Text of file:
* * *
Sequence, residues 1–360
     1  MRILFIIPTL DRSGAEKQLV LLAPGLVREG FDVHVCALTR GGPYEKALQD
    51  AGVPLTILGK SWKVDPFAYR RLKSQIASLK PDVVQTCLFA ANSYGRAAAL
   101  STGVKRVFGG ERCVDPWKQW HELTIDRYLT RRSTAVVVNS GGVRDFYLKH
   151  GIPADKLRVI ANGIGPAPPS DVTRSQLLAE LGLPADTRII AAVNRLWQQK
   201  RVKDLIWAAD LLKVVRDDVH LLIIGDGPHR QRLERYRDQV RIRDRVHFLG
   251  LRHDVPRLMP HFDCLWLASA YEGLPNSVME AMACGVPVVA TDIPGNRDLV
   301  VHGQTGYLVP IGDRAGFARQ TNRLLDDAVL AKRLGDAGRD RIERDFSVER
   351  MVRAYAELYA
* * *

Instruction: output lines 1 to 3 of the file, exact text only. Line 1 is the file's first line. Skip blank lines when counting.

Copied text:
Sequence, residues 1–360
     1  MRILFIIPTL DRSGAEKQLV LLAPGLVREG FDVHVCALTR GGPYEKALQD
    51  AGVPLTILGK SWKVDPFAYR RLKSQIASLK PDVVQTCLFA ANSYGRAAAL